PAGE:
22 Mar Know The Difference Between DUI And DWI
The acronym DUI stands for “driving under the influence,” while DWI stands for “driving while intoxicated,” or, “driving while impaired.” The terms may have different meanings or can refer to the same offense, depending on the state. Neither is worse than the other and can apply to drug and alcohol abuse as well as when legal prescription drugs impair the ability to drive.
Laws vary by state
Both terms are used to describe impaired or drunk driving, depending on the state. Some states laws call the offense a DUI and others call it a DWI. Law enforcement is cracking down on any sort of driving under the influence to prevent the number of drunk driving accidents.
It can be confusing when a state uses both terms. Often one is used to referring to alcohol and the other to drugs or unknown substances. For example, in some states DWI refers to drunk driving, while DUI is used when the driver is charged with being under the influence of drugs. In other states, the meaning is reversed. One can refer to driving while under the legal amount of alcohol consumption, while the other means driving over the legal amount. Even if a person is under the legal blood alcohol content for alcohol, they can be charged. It is important to check the definition used by the state where you were pulled over.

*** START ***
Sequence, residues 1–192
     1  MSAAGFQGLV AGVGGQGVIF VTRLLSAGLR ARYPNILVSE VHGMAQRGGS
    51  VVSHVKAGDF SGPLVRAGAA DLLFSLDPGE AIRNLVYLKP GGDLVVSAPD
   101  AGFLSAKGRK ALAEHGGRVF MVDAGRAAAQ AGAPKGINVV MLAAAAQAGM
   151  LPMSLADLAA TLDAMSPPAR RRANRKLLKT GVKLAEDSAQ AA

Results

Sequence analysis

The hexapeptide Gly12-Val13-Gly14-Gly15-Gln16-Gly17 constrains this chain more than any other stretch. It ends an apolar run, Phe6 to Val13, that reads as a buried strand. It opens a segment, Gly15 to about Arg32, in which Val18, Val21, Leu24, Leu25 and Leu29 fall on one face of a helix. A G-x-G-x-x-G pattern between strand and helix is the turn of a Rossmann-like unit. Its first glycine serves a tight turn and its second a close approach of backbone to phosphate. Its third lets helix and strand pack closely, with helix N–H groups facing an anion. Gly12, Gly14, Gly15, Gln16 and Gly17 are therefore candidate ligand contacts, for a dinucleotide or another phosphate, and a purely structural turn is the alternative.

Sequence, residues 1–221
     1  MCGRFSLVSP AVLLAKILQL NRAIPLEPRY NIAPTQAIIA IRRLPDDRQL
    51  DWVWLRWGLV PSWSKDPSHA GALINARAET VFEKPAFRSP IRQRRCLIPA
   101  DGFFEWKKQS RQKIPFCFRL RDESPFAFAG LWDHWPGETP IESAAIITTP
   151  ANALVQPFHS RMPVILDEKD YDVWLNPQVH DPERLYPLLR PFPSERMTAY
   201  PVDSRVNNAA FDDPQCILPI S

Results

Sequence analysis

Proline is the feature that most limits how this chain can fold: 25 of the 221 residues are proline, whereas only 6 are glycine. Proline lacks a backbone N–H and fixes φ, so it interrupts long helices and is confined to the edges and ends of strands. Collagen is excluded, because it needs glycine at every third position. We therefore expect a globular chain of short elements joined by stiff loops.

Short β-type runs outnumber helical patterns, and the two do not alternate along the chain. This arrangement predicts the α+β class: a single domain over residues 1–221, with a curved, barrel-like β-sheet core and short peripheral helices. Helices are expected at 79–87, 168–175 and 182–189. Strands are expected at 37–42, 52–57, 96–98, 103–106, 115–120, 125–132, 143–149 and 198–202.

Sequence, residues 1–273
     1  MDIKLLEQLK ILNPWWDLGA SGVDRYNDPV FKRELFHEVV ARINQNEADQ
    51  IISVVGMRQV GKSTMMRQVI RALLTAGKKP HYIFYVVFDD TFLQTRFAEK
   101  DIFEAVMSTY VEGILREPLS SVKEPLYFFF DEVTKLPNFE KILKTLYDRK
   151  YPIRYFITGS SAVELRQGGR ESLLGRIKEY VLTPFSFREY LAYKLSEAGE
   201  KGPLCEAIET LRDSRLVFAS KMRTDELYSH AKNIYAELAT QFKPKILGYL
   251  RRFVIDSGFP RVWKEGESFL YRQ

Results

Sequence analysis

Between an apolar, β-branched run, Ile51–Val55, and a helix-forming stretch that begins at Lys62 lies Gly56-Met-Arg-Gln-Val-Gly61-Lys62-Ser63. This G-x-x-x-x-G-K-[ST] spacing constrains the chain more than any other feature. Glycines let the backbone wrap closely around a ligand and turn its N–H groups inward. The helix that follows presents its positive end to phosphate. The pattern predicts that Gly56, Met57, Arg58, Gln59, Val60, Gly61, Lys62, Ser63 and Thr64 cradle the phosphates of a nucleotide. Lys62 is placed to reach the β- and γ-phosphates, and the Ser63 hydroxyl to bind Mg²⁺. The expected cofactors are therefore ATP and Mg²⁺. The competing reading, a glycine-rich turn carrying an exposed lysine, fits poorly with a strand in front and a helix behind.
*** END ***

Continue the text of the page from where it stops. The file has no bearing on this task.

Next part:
OUI is an acronym for “operating under the influence,” and is used only in the states of Maine, Massachusetts, and Rhode Island. “Operating” includes more than just driving, and refers to any heavy machinery or vehicle use while under the influence of drugs or alcohol. Even if a vehicle is stopped and not running, a person can still be charged with operating under the influence.
If you fail a field sobriety test, such as walking a straight line, but pass a Breathalyzer test for alcohol, you can still be arrested for impaired driving. Impaired driving can even be caused by prescription drugs that are legally prescribed to you. You can be charged with drugged driving even if you have not consumed any alcohol or illegal drugs.
No matter which of the above options you are charged with, you will be facing some severe legal consequences. If found guilty for your first offense you will most likely lose your driver’s license and have to pay expensive court fees and fines. You could likely get jail time for a second offense, as well as probation and community service hours. You will have to attend driving classes to get your driver’s license back. You could also be required by law to participate in a rehabilitation program, ranging from an in-patient stay to a certain number of support group meetings.
Even if you get your driver’s license back, you will probably be required to get a special type of insurance with very expensive premiums for a set amount of years. You could also be required to have an ignition interlock device installed in your car, meaning you cannot start the car without blowing into a Breathalyzer-like device. If required, you will be responsible for payment of the device, installation, and a monthly fee. Source link: